Equifax CEO Ousted After Data Breach Affects 143 Million Consumers

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Tue, Sep 26 - 12:12 pm EST | 2 months ago by
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    Credit reporting agency Equifax has announced that it will part ways with CEO Richard Smith as the organization attempts to do damage control in the wake of its devastating data breach, which expose incredibly sensitive information about a jaw-dropping 143 million Americans.

    Equifax announced the move on Tuesday, marking the end of Smith’s twelve-year stint as the company’s chief executive. Paulino do Rego Barros Jr. was named interim CEO, and he will have the unenviable task of leading Equifax forward as dozens of class action lawsuits are filed over the cyberbreach.

    Smith was praised by analysts for his leadership at the company before the data breach came to light, but the ensuing controversy has seen him and the rest of his management team be tarred with controversy for a lack of security measures and a sluggish response to the scandal. Smith’s ouster was preceded by that of Equifax’s chief security officer and chief information officer.

    “At this critical juncture, I believe it is in the best interests of the company to have new leadership to move the company forward,” Smith said in a statement, as reported by CNN Money.

    Talks of what kind of money Smith is owed by Equifax will be postponed until the board completes an independent review into the breach, the company said. Equifax will also be subject to a hearing before Congress next week and an investigation from the Federal Trade Commission.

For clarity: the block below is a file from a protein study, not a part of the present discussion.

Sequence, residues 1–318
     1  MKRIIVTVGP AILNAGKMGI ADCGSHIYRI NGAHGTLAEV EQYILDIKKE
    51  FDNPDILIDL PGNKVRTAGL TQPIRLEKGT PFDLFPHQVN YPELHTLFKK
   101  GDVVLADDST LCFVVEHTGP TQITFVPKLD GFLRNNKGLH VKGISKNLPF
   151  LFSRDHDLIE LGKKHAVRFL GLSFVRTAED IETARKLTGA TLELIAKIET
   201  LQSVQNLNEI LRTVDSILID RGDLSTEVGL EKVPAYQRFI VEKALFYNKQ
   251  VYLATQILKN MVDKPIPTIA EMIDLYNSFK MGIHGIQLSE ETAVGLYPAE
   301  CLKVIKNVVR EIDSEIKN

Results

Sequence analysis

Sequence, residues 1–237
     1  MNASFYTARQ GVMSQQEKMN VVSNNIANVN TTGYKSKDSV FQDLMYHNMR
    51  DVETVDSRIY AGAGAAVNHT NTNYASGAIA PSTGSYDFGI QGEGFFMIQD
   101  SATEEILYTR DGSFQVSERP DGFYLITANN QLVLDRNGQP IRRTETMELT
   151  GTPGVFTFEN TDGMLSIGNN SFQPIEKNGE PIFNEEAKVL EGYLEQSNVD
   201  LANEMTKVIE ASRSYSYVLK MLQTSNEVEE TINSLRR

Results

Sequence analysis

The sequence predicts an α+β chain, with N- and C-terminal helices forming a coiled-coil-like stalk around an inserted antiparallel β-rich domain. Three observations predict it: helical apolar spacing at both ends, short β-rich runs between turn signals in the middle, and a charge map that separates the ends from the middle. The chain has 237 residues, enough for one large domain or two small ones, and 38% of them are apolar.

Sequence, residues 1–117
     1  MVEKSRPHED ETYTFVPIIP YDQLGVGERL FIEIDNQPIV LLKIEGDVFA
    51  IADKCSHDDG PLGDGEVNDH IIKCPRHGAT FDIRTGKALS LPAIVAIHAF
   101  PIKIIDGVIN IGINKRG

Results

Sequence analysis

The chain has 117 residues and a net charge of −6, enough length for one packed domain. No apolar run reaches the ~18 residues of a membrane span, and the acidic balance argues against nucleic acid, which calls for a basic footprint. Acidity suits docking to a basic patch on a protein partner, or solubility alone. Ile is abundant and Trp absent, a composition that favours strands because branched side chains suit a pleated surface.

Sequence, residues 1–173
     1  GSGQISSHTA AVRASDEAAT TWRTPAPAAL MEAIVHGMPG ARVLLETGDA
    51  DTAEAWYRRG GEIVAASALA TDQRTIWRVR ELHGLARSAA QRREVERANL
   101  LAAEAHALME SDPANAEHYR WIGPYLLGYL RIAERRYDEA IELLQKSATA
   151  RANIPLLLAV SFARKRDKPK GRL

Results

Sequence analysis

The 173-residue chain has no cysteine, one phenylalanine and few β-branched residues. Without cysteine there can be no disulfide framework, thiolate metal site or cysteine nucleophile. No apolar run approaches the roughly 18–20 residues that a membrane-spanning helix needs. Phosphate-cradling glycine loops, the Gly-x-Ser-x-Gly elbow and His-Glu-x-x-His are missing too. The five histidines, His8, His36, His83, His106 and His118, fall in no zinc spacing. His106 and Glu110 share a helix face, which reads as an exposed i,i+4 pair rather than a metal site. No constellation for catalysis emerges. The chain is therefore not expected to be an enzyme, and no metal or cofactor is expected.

“The FTC does not comment on ongoing investigation,” said FTC Acting Director of Public Affairs Peter Kaplan. “However, in light of the intense public interest and the potential impact of the matter, I can confirm that FTC staff is investigating the Equifax data breach.”

    Although Equifax learned of the hack in late July, it only told the public about it in September and could not immediately say whose data had been compromised. The company initially asked customers to give up their right to sue before they could get access to credit monitoring services, repeatedly linked to a phishing site on its social media site, and watched as executives sold stock in droves shortly after Equifax learned of the hack.

    “The cybersecurity incident has affected millions of consumers, and I have been completely dedicated to making this right,” said Smith, who agreed to serve as an “unpaid advisor” while the interim CEO transitions into the role.

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